• Quadruped movement: If your creature moves like a kangaroo, does it need such substantial forelimb structure for quadruped movement? A horse invests this because primary movement is on all fours. However, having said this there are many dinosaurs and mega mammals that do feature substantial forelimb structure but with extendable hind limbs, likely to reach high food sources.
  • Jaw structure is small: If your creature is overall 4 feet high (not much different to a dog) the jaw structure size seems more appropriate for a plant-eater, however graziers tend to have longer necks to access food on the ground. In your case, a carnivorous diet seems more appropriate, but with a small jaw structure (lacking in incisor bite ability) it may be more of a carrion eater instead - but again most carrion is on the ground and this creature would constantly be bending to eat.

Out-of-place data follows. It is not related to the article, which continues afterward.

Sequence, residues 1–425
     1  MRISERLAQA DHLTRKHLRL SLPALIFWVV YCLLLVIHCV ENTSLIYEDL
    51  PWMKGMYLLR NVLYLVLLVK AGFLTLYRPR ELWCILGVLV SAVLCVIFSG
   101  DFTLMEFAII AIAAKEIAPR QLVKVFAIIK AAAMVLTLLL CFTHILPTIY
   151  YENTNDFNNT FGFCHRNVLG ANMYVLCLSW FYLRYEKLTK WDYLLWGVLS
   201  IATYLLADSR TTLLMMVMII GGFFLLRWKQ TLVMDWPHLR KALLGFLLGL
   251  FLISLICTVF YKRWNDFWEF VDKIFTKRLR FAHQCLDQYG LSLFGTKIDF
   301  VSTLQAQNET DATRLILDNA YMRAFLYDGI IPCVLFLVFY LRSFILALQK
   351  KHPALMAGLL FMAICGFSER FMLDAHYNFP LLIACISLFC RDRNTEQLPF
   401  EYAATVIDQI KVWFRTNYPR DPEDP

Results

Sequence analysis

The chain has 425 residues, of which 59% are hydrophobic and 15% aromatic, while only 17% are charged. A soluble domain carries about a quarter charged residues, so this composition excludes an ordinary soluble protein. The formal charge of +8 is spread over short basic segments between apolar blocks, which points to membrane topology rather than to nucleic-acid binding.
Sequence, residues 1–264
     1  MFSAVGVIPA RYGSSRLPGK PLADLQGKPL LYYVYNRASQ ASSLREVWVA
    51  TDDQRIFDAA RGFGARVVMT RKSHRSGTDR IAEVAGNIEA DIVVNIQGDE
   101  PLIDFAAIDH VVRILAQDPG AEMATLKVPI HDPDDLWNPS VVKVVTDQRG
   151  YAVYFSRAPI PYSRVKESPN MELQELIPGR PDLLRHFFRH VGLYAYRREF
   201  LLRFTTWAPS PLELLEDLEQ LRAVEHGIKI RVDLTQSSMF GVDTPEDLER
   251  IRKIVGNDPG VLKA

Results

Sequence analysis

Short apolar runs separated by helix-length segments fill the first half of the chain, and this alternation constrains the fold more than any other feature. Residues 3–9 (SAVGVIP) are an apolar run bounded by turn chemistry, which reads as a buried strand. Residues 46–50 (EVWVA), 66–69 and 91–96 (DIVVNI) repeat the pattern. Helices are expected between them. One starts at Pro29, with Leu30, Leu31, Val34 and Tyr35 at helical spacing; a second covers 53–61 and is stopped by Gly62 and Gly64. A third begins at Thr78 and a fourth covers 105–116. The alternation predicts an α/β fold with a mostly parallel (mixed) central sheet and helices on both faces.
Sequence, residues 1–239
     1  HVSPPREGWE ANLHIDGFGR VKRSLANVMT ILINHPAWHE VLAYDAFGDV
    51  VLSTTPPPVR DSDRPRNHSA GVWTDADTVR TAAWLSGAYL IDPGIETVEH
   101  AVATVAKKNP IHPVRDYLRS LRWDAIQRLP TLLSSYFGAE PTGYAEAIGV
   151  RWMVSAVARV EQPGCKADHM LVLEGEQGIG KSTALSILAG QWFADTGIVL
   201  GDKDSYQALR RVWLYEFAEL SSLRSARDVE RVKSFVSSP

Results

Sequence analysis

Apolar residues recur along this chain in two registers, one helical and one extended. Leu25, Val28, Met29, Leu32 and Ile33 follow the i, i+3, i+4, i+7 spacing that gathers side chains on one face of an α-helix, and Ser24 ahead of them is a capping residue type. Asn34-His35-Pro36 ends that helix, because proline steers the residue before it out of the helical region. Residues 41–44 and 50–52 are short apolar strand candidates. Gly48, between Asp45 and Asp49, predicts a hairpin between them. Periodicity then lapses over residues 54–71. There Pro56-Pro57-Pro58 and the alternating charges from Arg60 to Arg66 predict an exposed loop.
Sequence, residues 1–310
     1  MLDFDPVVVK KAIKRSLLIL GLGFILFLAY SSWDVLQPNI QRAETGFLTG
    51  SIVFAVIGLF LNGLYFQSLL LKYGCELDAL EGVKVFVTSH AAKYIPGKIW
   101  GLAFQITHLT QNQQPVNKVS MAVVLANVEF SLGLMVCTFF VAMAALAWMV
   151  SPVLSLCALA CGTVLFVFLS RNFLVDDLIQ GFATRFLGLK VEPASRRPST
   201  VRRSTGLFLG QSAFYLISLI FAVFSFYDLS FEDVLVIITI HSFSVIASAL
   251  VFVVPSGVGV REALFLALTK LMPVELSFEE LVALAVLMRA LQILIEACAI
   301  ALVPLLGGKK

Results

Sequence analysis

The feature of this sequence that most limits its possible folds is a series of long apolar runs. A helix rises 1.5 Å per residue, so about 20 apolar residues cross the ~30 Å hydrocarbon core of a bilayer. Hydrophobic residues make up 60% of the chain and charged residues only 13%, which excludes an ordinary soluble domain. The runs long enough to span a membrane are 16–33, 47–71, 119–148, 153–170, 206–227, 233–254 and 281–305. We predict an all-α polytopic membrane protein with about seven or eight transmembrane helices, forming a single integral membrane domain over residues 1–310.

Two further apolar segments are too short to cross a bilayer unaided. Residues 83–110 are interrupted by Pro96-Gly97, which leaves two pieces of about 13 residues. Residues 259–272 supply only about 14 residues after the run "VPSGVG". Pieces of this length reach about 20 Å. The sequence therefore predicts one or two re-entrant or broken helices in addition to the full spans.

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  • Your toe structure: looks more birdlike than animal like - however again this is not without precedent in previous megafauna. However extensive claws and rear toe with forward extended toes are usually features of birds due to the ability to cling to branches and spread weight efficiently. This is called a Anisodactyl layout. It however does not make much sense for an animal on the plains, or amongst rocks, as the rear toe is not needed to perch, and also most birds are bipedal, meaning the toe is the only means to grapple. Your animal has 4 accessible limbs, so unless it uses its forelimbs to manipulate objects (like hands), an Anisodactyl layout on all 4 limbs or at all is most unusual.

As with all evolutionary quirks, you do get odd mutations now and then though, so anything is possible. However, sometimes as evolution tells us, it is better to optimise for need rather than cater for too many possibilities.